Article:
Tuesday, May 10, 2011

We need healthy competition - South African Airways

South African Airways boss Siza Mzimela said she had no problem with plans by competitor Comair to introduce direct international flights between Durban and London, because it was a market the national airline did not serve.
She was responding to questions at a press conference following SAA’s annual breakfast at the Indaba tourism expo in Durban on Monday.
Mzimela’s comments came in the wake of the KwaZulu-Natal government and Dube TradePort Corporation announcing an agreement with Comair at the weekend.
The agreement would see a route being established between King Shaka International Airport and London’s Gatwick International, in addition to Nairobi and other African cities.
“Frankly we welcome this development, rather than see it as a fight. We need to look at the big picture and the fact is that this is a market not served,” said Mzimela.
“I am happy that someone will be able to service a market that we can’t. However, I think that it needs to be done carefully, because margins are tight in the airline industry. We all need to act wisely in terms of opening up new routes,” she added.
JSE-listed Comair, which operates kulula.com and the British Airways franchise in South Africa, is the country’s largest privately owned airline.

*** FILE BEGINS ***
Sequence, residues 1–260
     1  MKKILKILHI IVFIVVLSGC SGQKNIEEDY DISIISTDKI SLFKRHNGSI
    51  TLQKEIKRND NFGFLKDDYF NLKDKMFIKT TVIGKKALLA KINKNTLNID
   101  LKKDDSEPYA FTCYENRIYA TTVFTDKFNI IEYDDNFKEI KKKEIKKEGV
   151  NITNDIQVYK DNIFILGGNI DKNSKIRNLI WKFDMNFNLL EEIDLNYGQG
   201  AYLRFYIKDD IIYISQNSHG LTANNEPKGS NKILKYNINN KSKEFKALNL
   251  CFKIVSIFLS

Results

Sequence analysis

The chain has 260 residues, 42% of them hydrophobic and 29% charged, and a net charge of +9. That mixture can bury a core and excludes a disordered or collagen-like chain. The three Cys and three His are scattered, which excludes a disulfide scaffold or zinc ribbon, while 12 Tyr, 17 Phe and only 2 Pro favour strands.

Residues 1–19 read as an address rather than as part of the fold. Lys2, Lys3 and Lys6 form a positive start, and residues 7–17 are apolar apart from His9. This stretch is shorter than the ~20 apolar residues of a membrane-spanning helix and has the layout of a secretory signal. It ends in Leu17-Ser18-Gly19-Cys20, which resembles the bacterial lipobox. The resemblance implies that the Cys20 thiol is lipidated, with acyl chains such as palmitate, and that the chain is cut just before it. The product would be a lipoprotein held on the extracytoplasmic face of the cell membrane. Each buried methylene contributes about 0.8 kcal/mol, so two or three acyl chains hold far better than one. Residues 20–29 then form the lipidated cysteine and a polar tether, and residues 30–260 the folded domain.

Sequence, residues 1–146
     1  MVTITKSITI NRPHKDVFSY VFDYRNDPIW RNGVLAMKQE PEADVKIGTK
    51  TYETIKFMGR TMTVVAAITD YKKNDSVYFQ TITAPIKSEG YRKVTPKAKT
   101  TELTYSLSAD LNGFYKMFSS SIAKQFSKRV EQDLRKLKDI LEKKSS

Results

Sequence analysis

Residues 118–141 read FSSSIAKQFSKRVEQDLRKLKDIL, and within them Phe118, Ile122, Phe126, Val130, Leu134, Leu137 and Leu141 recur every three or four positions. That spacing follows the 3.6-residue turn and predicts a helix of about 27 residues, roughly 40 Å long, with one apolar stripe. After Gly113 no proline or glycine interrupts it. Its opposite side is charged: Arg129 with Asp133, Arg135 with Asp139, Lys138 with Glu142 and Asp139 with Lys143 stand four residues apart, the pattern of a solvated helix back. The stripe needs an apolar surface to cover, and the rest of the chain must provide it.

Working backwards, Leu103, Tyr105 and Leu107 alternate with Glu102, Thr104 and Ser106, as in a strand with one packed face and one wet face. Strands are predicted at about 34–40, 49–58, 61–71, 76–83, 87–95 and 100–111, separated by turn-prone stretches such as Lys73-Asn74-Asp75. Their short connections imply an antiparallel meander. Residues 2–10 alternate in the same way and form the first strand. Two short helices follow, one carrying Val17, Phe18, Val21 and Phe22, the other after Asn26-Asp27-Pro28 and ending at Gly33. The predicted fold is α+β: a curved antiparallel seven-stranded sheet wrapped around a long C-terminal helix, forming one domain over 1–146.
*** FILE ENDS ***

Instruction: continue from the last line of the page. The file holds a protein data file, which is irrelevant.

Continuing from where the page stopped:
Mzimela said SAA was continuously “looking at new opportunities”, but that it was part of an airline alliance and worked on the “hub and spoke” strategy.
“We’ve got good connectivity to Durban; it’s just a matter of a short trip to Joburg and heading on internationally. We are placing a lot of emphasis on Africa, where the greatest growth is coming from,” she said.
SAA board chairwoman Cheryl Carolus said the airline had a “finite fleet” and there was only so much that it could do.
“We need to look at how best we can use this fleet and invest in routes that make the best business sense.
“The (Comair) agreement with KZN is actually fantastic news for the country and will ultimately be good for the industry in terms of competition – and it’s also good for the customers.
“This is a huge sign of confidence in South Africa’s aviation industry and tourism,” she said.
Last week, at the Hospitality Investment Conference Africa, KZN Tourism MEC Michael Mabuyakhulu said the province had had fruitless negotiations with SAA to re-establish a service between Durban and London.